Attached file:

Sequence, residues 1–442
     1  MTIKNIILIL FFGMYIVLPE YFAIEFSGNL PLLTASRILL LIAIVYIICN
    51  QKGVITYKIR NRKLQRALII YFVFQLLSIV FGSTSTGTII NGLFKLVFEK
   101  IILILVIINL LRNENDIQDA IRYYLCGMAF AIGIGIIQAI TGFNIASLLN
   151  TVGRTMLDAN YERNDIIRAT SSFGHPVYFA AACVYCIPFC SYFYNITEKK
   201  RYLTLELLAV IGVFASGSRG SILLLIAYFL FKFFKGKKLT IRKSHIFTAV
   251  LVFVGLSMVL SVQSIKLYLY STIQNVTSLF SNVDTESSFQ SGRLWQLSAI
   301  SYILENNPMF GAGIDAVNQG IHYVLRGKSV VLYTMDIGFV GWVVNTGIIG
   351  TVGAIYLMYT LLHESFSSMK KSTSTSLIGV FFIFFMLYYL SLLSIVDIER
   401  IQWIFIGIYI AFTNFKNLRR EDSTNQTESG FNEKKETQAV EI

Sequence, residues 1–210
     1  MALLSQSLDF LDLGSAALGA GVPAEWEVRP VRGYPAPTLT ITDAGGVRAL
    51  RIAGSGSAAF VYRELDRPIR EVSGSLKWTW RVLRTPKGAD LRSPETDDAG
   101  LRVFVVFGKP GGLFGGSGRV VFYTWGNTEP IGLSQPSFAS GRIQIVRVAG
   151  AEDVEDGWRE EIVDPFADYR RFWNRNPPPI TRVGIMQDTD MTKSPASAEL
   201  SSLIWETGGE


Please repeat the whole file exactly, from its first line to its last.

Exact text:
Sequence, residues 1–442
     1  MTIKNIILIL FFGMYIVLPE YFAIEFSGNL PLLTASRILL LIAIVYIICN
    51  QKGVITYKIR NRKLQRALII YFVFQLLSIV FGSTSTGTII NGLFKLVFEK
   101  IILILVIINL LRNENDIQDA IRYYLCGMAF AIGIGIIQAI TGFNIASLLN
   151  TVGRTMLDAN YERNDIIRAT SSFGHPVYFA AACVYCIPFC SYFYNITEKK
   201  RYLTLELLAV IGVFASGSRG SILLLIAYFL FKFFKGKKLT IRKSHIFTAV
   251  LVFVGLSMVL SVQSIKLYLY STIQNVTSLF SNVDTESSFQ SGRLWQLSAI
   301  SYILENNPMF GAGIDAVNQG IHYVLRGKSV VLYTMDIGFV GWVVNTGIIG
   351  TVGAIYLMYT LLHESFSSMK KSTSTSLIGV FFIFFMLYYL SLLSIVDIER
   401  IQWIFIGIYI AFTNFKNLRR EDSTNQTESG FNEKKETQAV EI

Sequence, residues 1–210
     1  MALLSQSLDF LDLGSAALGA GVPAEWEVRP VRGYPAPTLT ITDAGGVRAL
    51  RIAGSGSAAF VYRELDRPIR EVSGSLKWTW RVLRTPKGAD LRSPETDDAG
   101  LRVFVVFGKP GGLFGGSGRV VFYTWGNTEP IGLSQPSFAS GRIQIVRVAG
   151  AEDVEDGWRE EIVDPFADYR RFWNRNPPPI TRVGIMQDTD MTKSPASAEL
   201  SSLIWETGGE